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[Part 2] Medical Device Security: Building an ROI-Based Business Case

Watching Part 2 of the Minnesota HIMSS webinar series Medical Device Security Overview for Healthcare Delivery Organizations with speakers Matt Dimino and Carrie Whysall from CynergisTek, I found the following to be useful information that you can apply to your organization’s security program development.

IoT & IoMT Device Security

Device Risk

The biggest medical device security risk organizations face is the possibility of a widespread attack or multiple security threats happening at once. This can cause widespread unavailability of devices needed to treat patients. The integrity of devices is also important to consider, without proper device management and supervision, malware can remain undetected.

Gaps

Medical devices should be assessed at point of purchase. Before putting a device on a network it should be checked for basic passwords and other vulnerabilities. Organizations should also know all devices that are on the clinical network, and track what those devices are doing. Clinical Engineering (CE) and Information Technology (IT) teams should work together to leverage their training and awareness of device security risks.

Challenges

Typically there are safety specialists who focus on technical controls and separate specialists who work on risk management, but these tasks should be joined into one security plan so that medical devices are controlled and monitored for risks.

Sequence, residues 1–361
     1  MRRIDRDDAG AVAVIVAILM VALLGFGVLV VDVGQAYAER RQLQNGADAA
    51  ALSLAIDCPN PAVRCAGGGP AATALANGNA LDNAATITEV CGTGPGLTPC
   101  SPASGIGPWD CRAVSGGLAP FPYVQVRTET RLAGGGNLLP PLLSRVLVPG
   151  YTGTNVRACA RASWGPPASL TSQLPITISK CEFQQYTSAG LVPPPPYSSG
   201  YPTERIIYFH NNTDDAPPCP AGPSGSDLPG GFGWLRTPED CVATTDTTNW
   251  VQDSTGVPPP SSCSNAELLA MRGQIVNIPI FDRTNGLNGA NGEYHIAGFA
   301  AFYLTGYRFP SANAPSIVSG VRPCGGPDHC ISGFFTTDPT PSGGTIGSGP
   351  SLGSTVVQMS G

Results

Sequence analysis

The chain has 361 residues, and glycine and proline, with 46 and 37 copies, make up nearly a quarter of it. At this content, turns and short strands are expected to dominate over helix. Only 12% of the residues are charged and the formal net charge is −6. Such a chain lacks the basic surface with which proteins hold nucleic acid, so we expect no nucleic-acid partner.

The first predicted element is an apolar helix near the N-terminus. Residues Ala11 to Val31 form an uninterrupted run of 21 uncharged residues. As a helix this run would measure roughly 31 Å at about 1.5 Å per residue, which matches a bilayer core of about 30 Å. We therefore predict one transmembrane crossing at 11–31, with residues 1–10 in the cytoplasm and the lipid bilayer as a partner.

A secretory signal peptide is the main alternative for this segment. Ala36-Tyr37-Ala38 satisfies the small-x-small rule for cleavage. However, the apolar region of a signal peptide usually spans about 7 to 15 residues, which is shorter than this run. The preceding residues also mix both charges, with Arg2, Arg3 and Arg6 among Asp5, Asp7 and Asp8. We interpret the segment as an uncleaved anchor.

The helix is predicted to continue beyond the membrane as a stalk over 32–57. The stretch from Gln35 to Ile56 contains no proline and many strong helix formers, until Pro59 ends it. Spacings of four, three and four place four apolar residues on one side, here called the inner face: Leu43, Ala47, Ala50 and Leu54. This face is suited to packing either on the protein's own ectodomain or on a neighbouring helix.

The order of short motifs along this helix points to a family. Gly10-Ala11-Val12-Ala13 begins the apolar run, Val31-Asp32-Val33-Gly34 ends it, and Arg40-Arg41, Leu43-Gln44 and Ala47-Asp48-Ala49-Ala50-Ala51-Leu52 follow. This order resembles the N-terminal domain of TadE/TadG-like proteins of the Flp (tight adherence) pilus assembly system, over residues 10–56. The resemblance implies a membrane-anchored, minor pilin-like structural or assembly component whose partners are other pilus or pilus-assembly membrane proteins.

Difficulties Developing a Medical Device Security Program

Developing a medical device security program can be difficult for a multitude of reasons:

  • Business: Lack of adequate funding, staffing and training issues, as well organizational structure impede the creation of a joint CE and IT security program.
  • Policy and Procedure: Organizations’ IT policies and procedures rarely include medical device security, and have disjointed governance and sponsorship policies.
  • Technical: Typical IT network tools do not work for medical device security purposes, and without passively scanning them as part of the IT network, medical devices often get overlooked. Use of legacy devices also causes technical issues, as devices are not updated for long periods of time.
  • Vendors: Medical device vendors utilize different remote access controls that may or may not be able to show who/what causes devices to crash.
  • Physical Security: Physical guest access to devices and the potential for organization IDs to be used to gain access to devices puts them at risk.

Addressing the Stakeholders

Involve all parties in the creation of a medical device security plan. Make clinical staff aware of the integrity of medical devices such as ultrasounds and anesthesia machines. Also include CISOs, IT teams, Healthcare Technology Management (HTM) teams and vendors. Discuss with all those involved the objectives of creating a medical device security plan and set up a timeline, as creating and rolling out a security plan can take many months.

How Ordr Can Help

Creating a device security program is challenging on its own, and would be even more difficult without a product to help passively scan for devices and identify risks.

The Ordr System Control Engine (SCE) gives organizations the power to enable visibility and security of their network-connected devices, with a simple and powerful solution to identify, classify, profile the behavior and risk and automate action for every network-connected device in the enterprise. Want to experience Ordr on your network? Request a free sensor.

Look for a blog post covering Part 3 of the Medical Device Security webinar series in the future. You can watch the full HIMSS webinar here.